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Other docs -- Map features -- JOSM
This is a topic on which there is much more documentation than about other topics, presumably because it involves a transfer of information to rather than from OSM.
The OpenStreetmap wiki also contains more information on contributing than on any other topic. There is an introduction to contributing, for example, and many pages on special topics that will be referenced in the following.
The important thing when building a collaborative data base like OpenStreetmap is that different contributors attach the same meaning to the same metadata. Otherwise map feature with the same appearance will mean different things in different places.
The central wiki page to consult is the very long page about map features. It lists (almost) everything that can be included in the database and links to many specialised pages that describe more specific attributes for most features. Read it at least partly before making your first contribution!
Basics -- Editing paths -- GPS imports
There are two different generations of web interfaces for editing the OpenStreetmap database, but for serious contributors, JOSM is the way to go: With it you can import track data, save and load unfinished work locally.
The features of JOSM are well documented both in a wiki of its own and in pages on the OpenStreetmap wiki. If I understand correctly, it is still under development, and some menu items do not work yet, but it is certainly quite useful and efficient to work with. A minor quibble is that its Java GUI does not play well with X11 window managers, with windows losing focus for no reason, but still accepting input.
A basic JOSM editing session goes as follows:
JOSM provides several functions to make working with paths (ways) easier. They are located in the Tools menu. Here are some of their applications:
The easiest and most accurate way to survey new roads and other paths is by travelling on the road and recording a GPS track. JOSM somewhat supports this workflow. I will first describe JOSM usage and then the necessary preprocessing.
JOSM allows to open multiple OpenStreetmap XML files with File → Open which become several layers. A sub-window on the right shows all layers (enable or disable with Windows → Layers). A newly opened layer will be on top and selected for editing, indicated by the green tick mark next to it. Using Edit → Merge layer, you add its contents to the main map data (or any other layer you choose). You can then edit it further, add tags and upload it as described above. Note that merging layers cannot be reversed with the Edit → Undo function, so you may want to save to disk beforehand if you have already made some edits.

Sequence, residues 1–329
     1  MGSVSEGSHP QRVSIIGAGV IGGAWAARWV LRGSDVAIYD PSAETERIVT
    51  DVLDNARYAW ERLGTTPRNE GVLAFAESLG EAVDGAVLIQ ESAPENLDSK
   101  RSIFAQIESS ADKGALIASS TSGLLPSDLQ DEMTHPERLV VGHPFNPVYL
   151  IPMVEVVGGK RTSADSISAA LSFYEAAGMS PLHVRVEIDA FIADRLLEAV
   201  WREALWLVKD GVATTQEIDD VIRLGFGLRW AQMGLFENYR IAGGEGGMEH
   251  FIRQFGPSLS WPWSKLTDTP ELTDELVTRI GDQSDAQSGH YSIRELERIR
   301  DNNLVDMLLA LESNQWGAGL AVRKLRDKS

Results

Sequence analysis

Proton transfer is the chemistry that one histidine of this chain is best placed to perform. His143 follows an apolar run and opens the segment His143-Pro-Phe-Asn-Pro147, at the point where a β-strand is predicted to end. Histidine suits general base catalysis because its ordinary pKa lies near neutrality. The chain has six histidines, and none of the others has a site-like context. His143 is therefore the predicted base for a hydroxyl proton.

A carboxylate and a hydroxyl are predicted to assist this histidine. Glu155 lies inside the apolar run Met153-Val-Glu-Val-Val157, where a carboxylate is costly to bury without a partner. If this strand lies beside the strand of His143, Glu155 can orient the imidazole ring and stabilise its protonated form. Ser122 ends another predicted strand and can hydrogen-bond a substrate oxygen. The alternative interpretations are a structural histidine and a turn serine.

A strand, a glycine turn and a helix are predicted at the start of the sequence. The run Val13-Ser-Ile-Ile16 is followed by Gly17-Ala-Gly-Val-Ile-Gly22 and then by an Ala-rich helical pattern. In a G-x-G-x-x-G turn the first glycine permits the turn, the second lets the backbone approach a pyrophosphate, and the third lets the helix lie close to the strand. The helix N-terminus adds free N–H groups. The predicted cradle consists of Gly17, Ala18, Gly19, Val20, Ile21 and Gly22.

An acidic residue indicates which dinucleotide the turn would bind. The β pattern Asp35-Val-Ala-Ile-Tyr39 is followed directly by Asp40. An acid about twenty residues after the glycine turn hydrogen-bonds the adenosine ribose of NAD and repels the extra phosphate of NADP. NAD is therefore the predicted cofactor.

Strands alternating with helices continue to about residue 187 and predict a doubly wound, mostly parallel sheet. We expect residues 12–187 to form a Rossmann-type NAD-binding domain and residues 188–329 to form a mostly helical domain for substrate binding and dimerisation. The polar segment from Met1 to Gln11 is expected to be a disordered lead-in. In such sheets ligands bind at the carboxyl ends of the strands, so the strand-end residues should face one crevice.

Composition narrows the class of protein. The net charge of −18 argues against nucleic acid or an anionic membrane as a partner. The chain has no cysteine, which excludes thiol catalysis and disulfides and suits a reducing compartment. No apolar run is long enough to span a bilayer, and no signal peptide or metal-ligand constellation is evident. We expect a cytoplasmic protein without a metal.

This functionality of JOSM works only with OpenStreetmap XML files. Though it can also open other file types, they cannot be merged and edited, so you would have to retrace them by hand (the most braindead kind of data conversion). For the GPS survey workflow to make sense, you have to convert your GPS tracks to OSM format. It is also advantageous to split the recorded track up into sections if you have been tracing multiple roads.
Theoretically, the tool GPSBabel is supposed to do that. It has never worked for me: I have encountered empty output, crashes, and tracks with a single point only, but never managed to convert a complete path. YMMV, so just try it out. The following paragraphs describe my workflow with the GPS logger I own, which leaves much scope for custom processing and will also be suitable for other devices with some modifications.
GPS surveying for OpenStreetmap with the Wintec WPL-2000 logger
The fun starts with obtaining the GPS data from the logger, as it is stored in a proprietary format and the enclosed software of course discriminates against free operating systems. With help from the information here, I have written a small Perl script that converts the binary data into a white space separated table of numbers. This generic output format allows to display and process it using general-purpose tools like gnuplot, awk or simple custom programs. The first column is the latitude; you will have to tell a generic plot program to use it for the vertical coordinate if you want a map-like display. My data extraction program puts any markers (if present) into the last column of the table. A new paragraph is started when the marker indicates that the logger was switched on or a new track was started.
GPS tracks can zig-zag a lot, especially when the fix is not perfect, such as in narrow valleys and dense forests. I sometimes use this Perl script to smooth the track. It reads from stdin or its file argument and writes to stdout. You may have to adapt it to your preferences, so have a look at the source if the results are not to your liking.
Finally the white space separated navigation data have to be converted to the OpenStreetmap XML format for JOSM. I have another Perl script for that here. (Perl is the most productive programming language I know, and is especially suitable for text processing.) Then one proceeds to merge the new path as described above.
[Aside: There is also a script for converting white space separated navigation data to KML format for Google Earth.]
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